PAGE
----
I think every cleansheet type represents a revolutionary advance in commercial aviation in some way or another. If it's successful, what the 787 will do IMO is usher in a wave of all composite commercial aircraft. I think what the 787 will also do is start to change the nature of how people travel. Like the 747SP and A345 before it, if the 787 lives up to it's range promises, airlines will be able to open up extremely long, thin nonstop routes that will compliment existing routes. Much the way Pan Am was able to operate both Lax-Syd with the 747SP and Lax-Hnl-Syd with the 747-100, i can see today's carriers offering say Sfo-Sin nonstop on the 787 as well as Sfo-Nrt-Sin on the 747-400 or 777. I also think that the 787 will allow airlines to cater to higher yield passengers who are more willing to pay for the time and hassle they'll save by being able to avoid transits. Those same airlines will also be able to cater to the rest of us lowly worms by allowing us to still get there relatively cheaply by making a connection or a stopover somewhere in Asia like Hkg or Nrt.
That could end up being a way that the 787 and A350 can coexist in the same market and even at the same airline, the 787 goes nonstop while the A350 goes one stop.
Finally, another thing i can see possibly happening is more of a segmentation/differentiation between premium and budget passengers. On a theoretical Sfo-Sin routing, the nonstop 787 could offer a premium two class experience with F and J but no coach while the one stop A350/747-400/777 offers no first class, only J, W (premium economy), and Y.
What'll be interesting to see is whether ten or twenty years down the road, B or A decides to create an all complosite large or very large aircraft that could render both the 747-400 and A380 obsolete.
Why are people so against low yields?! If lower yields means more people can travel abroad, i'm all for it
328JET From , joined Dec 1969, posts, RR:
Reply 5, posted (4 years 1 month 3 weeks 3 days 3 hours ago) and read 14575 times:
No, the B787 has a lot of new technology, but hardly more comfort than the B707. (Besides the higher humidity and bigger windows)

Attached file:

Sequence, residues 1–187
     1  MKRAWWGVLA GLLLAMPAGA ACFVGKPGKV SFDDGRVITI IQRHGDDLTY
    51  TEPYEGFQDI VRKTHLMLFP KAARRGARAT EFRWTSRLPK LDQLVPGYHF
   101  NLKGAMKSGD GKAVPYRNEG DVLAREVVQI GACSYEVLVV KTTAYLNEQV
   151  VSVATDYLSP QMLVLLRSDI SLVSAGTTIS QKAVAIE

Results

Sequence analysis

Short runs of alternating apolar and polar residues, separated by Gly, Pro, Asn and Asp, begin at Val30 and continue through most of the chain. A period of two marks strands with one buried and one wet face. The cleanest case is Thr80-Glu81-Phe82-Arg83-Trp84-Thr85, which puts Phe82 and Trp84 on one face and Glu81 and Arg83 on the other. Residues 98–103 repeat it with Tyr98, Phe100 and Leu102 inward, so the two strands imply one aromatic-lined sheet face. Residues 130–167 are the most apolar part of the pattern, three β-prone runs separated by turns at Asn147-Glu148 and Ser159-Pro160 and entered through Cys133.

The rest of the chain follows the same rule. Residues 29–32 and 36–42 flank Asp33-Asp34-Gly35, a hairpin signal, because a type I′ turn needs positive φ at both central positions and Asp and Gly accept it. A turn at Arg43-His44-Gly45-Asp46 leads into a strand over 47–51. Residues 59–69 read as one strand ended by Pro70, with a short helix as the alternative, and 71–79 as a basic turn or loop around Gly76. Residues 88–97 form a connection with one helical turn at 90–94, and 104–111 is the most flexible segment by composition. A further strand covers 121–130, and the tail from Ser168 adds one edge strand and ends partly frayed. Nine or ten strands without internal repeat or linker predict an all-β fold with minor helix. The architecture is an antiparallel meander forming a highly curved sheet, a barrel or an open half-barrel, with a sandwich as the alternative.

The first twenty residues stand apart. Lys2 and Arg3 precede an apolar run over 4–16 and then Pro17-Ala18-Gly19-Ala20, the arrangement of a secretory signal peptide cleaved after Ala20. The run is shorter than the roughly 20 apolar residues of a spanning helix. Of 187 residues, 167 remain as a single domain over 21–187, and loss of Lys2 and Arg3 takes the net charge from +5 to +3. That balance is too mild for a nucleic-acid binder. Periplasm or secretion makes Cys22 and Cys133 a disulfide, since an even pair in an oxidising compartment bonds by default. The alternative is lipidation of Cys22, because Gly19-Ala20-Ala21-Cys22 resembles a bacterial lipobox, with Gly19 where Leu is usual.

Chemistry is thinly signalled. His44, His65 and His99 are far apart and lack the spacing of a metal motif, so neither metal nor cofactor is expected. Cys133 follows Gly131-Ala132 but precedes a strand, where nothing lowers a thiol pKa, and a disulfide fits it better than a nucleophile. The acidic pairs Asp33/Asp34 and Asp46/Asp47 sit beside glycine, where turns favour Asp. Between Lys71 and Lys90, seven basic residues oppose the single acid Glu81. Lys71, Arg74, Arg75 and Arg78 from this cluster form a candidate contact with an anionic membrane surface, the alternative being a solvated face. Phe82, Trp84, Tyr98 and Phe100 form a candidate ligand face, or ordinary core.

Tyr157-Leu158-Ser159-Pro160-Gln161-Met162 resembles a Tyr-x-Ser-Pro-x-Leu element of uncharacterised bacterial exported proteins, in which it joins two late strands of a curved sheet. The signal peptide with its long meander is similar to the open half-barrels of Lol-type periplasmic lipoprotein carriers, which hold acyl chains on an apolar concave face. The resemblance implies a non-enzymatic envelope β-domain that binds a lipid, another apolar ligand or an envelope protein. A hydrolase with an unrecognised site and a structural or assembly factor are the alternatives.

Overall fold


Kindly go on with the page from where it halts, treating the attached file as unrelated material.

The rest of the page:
The passengers in the y-class still have 3 people sitting side by side. In doesn´t really matter if it is 3-3 or 3-3-3.
For the airlines, the B787 is a cost saving airplane, but does it start a new age? No.
In my opinion, the B707 really started a new age and most of todays airplanes have the same layout as the old 707.
When the generall layout of an airliner is changed into a blended wing, then i would talk about a new age, but not before.
So neither the A380, A350 nor the B787 started a new age of flying, it was just evolution.
deltamartin From Sweden, joined Dec 2010, 1061 posts, RR: 7
Reply 6, posted (4 years 1 month 3 weeks 3 days 3 hours ago) and read 14546 times:
I'd say that it have to be a major change in the look and function of an aircraft before its an entierly new era. From prop engines to jet engines was a major change that everyone noticed. It changed the speed, distance, size and looks of the planes.
With that said, the 787 may take a bigger leap forward in technology than, per say the 777 or A380, but i still would'nt define it as a new era.
After all, this is just a matter of defenition.
BMI727 From United States of America, joined Feb 2009, 16090 posts, RR: 27
Reply 11, posted (4 years 1 month 3 weeks 3 days 2 hours ago) and read 14300 times:
It depends entirely on how you define a new age. I'd say that in terms of structures and construction, the 787 probably does signify the start of a new era of mostly composite airliners. Depending on how geared turbofans perform and whether they become more popular, we certainly might one day see the A320 NEO as starting a new era. Then there might be open rotors after that, but I'm not holding my breath. From a passenger perspective, it isn't that much of a change.
Why do Aerospace Engineering students have to turn things in on time?
ebj1248650 From United States of America, joined Jun 2005, 1932 posts, RR: 1
Reply 12, posted (4 years 1 month 3 weeks 3 days 2 hours ago) and read 14265 times:
I suspect the 747 represented a new age to airline travelers to a greater extent than the 787 does now. It was much much larger than anything in service, offered greater comfort than the 707 or DC-8 could and would not be outclassed in terms of comfort until the advent of the A380, which I understand is a dream to fly in. No, this is not an attempt to bash the 747 or Boeing products.
While the 787 is a technological advance over current airliners, it does not represent advances that passengers are apt to be that concerned with or interested in. From the operational efficiency side, however, it represents something new and definitely improved that airline managers will embrace wholeheartedly.